It doesn’t matter what type of business you own, merging with or acquiring a new company is tricky business. M&As happen across many industries, but perhaps law firm mergers are becoming one of the most popular types. There are many legalities to consider (as lawyers should be aware of) and with any merger or acquisition, there is a lot of risk involved.
Law firm acquisitions are happening all the time, as bigger companies aim to expand into new territory and take advantage of local talent. A merger can be a great idea and provide a range of opportunities for both parties, yet no company should ever rush into an acquisition deal. It is a long process, and discussions can continue for months. As with any M&A, here are the steps involved.
Define goals and objectives
Before you go into any talks, it’s important to define the business goals and objectives. What do you want to achieve? How will their merger help you achieve it? If these two questions seem disconnected then it’s a warning sign that this acquisition might not be the right decision for your company. If you’re not sure how the merger will benefit, ask these questions in your first meeting. Any acquisition should benefit both parties so it makes business sense to merge.
Hire a Broker
Other business may decide to hire a lawyer to help them through the acquisition process – but law firms have these in abundance. Instead, when requiring an expert a legal practice should turn to a law firm merger broker to assist. They can use this expertise to ensure the deal looks attractive and to negotiate with other law firms.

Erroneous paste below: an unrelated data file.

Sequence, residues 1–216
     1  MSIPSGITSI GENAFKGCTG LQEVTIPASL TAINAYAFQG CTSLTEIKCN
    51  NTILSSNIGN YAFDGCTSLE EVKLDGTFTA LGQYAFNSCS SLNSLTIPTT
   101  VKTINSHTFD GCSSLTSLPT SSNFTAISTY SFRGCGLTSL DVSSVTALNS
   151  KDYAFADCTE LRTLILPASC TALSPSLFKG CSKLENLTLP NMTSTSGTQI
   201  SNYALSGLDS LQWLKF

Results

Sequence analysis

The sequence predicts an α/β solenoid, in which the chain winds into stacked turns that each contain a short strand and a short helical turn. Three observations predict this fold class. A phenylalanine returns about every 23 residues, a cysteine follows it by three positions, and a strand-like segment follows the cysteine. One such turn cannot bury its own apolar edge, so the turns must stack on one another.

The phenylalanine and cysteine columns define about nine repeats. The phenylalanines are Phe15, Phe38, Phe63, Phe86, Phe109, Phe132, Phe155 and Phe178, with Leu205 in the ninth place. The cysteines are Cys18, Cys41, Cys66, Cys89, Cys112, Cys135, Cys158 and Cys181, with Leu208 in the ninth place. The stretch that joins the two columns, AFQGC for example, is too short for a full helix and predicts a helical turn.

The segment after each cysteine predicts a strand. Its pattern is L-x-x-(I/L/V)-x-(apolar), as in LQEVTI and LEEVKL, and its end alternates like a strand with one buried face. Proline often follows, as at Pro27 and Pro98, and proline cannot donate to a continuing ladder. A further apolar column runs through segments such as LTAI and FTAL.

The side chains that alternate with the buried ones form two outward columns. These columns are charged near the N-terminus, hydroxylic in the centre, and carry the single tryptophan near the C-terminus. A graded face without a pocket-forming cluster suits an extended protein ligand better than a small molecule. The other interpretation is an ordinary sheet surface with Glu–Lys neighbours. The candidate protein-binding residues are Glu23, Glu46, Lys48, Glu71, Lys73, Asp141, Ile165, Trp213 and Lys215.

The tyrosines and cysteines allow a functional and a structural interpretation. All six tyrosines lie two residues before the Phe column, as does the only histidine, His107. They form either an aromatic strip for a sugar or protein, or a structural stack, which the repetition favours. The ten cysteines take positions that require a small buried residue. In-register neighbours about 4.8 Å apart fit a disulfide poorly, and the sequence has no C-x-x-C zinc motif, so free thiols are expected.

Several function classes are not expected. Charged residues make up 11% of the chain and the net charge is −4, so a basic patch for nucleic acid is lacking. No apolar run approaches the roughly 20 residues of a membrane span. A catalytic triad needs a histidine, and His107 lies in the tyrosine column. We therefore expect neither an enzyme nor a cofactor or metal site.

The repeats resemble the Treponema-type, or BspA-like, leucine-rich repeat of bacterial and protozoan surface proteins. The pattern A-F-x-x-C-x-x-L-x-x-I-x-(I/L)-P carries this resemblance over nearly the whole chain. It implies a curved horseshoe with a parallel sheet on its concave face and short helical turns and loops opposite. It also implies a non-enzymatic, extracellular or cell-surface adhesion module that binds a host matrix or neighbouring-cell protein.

Obviously, any law firm will understand the importance of due diligence checks during M&As. If both law firms are happy with the proposed plans to merge, then before proceeding with signing on the dotted line you must perform due diligence. Don’t take their word for it – they might have a hidden agenda for acquiring your company.
Close the deal
If both companies are happy with the way the talks are going, and the due diligence checks were satisfactory, then it’s time to close the deal. Write up a contract and have at least two legal professionals check it over. Remember that even when the acquisition is legally complete, you will still have plenty of work to do to successfully integrate the two businesses. Put a plan and a schedule in place for the right decision makers to meet and discuss strategies.
An acquisition or merger is a complex process and shouldn’t be rushed – this is a very short introductory guide. If you need further help during the acquisition stage call in the experts.